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Price Hikes Drove Medicare Prescription Drug Spending, Says CMS

By Jill Drachenberg, Managing Editor, AHC Media

Medicare paid $137.4 billion for prescription drugs in 2015, with $8.7 billion going toward significant price hikes, according to Drug Spending Dashboard data released by the Centers for Medicare & Medicaid Services (CMS). CMS chooses drugs for the dashboard based on high spending per user through Medicare and high spending per prescription fill through Medicaid, drugs with high total spending, and drugs with significant price hikes.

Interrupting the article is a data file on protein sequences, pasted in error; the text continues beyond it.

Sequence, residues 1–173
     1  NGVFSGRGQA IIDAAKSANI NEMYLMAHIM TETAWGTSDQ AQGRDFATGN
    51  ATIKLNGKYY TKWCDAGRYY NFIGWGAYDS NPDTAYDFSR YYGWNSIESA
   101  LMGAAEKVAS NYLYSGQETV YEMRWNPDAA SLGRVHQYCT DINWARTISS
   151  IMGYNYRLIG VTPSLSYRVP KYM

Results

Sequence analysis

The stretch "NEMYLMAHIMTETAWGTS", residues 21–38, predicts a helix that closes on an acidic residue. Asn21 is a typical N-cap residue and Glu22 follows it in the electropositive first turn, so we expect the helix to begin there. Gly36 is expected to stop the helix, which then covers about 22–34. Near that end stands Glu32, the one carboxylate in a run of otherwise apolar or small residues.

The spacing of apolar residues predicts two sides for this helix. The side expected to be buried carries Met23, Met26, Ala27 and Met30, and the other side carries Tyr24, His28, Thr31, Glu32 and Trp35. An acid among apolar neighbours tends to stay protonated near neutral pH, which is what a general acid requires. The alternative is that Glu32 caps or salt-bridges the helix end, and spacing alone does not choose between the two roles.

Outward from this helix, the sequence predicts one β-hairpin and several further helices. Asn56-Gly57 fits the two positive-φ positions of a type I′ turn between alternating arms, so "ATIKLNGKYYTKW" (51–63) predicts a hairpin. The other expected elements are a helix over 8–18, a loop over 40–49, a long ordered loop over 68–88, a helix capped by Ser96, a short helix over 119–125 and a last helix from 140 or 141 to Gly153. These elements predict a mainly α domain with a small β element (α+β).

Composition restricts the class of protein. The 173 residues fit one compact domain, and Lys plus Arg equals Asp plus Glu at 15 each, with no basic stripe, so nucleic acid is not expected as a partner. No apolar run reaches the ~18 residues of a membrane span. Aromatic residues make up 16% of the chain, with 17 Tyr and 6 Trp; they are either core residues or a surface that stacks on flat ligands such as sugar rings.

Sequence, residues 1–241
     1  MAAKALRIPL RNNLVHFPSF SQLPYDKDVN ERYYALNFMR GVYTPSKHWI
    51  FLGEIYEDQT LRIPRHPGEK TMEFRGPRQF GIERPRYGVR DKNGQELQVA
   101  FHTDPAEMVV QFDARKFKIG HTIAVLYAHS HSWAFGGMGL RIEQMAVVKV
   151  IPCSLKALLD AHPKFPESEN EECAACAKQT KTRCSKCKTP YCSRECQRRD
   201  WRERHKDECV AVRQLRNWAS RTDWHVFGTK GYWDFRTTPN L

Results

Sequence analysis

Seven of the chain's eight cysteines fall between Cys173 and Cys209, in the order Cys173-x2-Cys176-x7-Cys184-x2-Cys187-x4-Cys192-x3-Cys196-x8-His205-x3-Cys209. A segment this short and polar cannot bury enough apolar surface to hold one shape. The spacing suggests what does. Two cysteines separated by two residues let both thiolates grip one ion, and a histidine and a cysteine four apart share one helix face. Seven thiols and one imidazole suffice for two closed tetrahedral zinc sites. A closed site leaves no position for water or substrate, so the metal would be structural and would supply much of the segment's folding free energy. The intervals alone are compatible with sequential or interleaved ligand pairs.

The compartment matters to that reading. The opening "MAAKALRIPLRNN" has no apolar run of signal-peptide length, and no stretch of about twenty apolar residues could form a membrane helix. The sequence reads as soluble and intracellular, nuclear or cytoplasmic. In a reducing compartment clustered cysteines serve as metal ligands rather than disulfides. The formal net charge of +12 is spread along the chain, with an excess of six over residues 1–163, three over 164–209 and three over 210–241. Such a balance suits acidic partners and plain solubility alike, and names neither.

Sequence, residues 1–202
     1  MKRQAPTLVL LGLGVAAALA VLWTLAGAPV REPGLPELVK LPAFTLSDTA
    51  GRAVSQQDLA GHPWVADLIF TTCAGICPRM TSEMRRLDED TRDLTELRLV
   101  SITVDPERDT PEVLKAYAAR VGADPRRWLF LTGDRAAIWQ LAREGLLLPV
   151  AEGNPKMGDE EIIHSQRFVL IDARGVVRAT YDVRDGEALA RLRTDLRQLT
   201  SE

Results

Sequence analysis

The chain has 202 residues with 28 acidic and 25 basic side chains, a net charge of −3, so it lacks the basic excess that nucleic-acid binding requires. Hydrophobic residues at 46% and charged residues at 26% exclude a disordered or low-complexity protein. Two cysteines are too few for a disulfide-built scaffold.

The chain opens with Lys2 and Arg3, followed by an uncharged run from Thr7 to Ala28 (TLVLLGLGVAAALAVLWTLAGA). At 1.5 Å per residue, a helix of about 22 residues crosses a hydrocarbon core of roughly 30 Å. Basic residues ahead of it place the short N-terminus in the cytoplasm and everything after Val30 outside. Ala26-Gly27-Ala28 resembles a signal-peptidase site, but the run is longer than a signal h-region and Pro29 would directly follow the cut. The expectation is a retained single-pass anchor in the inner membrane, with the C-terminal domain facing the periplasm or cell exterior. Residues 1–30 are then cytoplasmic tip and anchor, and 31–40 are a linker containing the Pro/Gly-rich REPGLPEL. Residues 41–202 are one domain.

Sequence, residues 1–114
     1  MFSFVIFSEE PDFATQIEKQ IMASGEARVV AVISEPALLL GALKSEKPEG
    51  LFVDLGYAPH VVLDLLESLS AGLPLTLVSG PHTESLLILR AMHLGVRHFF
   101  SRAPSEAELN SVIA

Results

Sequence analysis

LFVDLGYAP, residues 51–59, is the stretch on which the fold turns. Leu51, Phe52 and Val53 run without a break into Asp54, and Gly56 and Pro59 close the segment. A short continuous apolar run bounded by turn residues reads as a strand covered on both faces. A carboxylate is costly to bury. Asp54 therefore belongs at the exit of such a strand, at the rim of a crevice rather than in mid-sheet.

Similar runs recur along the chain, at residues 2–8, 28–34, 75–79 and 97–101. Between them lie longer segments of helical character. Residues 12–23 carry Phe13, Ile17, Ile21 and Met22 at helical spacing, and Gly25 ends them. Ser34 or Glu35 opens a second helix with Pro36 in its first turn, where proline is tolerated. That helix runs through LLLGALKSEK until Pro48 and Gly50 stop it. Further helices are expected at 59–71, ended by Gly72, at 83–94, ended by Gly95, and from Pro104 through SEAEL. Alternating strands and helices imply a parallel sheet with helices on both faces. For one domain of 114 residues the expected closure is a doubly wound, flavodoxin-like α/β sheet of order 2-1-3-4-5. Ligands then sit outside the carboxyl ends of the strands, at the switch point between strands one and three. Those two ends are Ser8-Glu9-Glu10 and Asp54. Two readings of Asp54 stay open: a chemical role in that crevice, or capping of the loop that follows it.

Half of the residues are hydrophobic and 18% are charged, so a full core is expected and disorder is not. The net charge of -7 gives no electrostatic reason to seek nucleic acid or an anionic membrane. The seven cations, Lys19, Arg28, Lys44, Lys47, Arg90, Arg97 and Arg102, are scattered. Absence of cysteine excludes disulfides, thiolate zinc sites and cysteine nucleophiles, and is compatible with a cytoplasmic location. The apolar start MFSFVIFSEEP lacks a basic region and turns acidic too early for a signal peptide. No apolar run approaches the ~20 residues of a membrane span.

Hepatitis C drug Harvoni and diabetes drug Lantus led the pack, as Medicare spent $11 billion total on those prescriptions. Lantus costs have nearly tripled over the last five years, from $1.5 billion in 2011 to $4.4 billion in 2015. Costs for generic malaria treatment hydroxychloroquine sulfate increased 370% between 2014 and 2015; type 2 diabetes drug Glumetza jumped 380% in the same time period.

Medicaid also experienced huge drug price hikes. Costs for antiparasitic drug Daraprim — whose price infamously skyrocketed under former Turing Pharmaceuticals CEO Martin Shkreli — soared from $2.2 million in 2014 to $15.7 billion in 2015. Antianxiety drug Ativan skyrocketed 1,264% in the same time period.

The data, however, have limitations: The costs do not include any rebates, as CMS is prohibited from sharing those numbers. In 2014, the average rebate was 17.5% for brand-name drugs in Medicare Part D plans.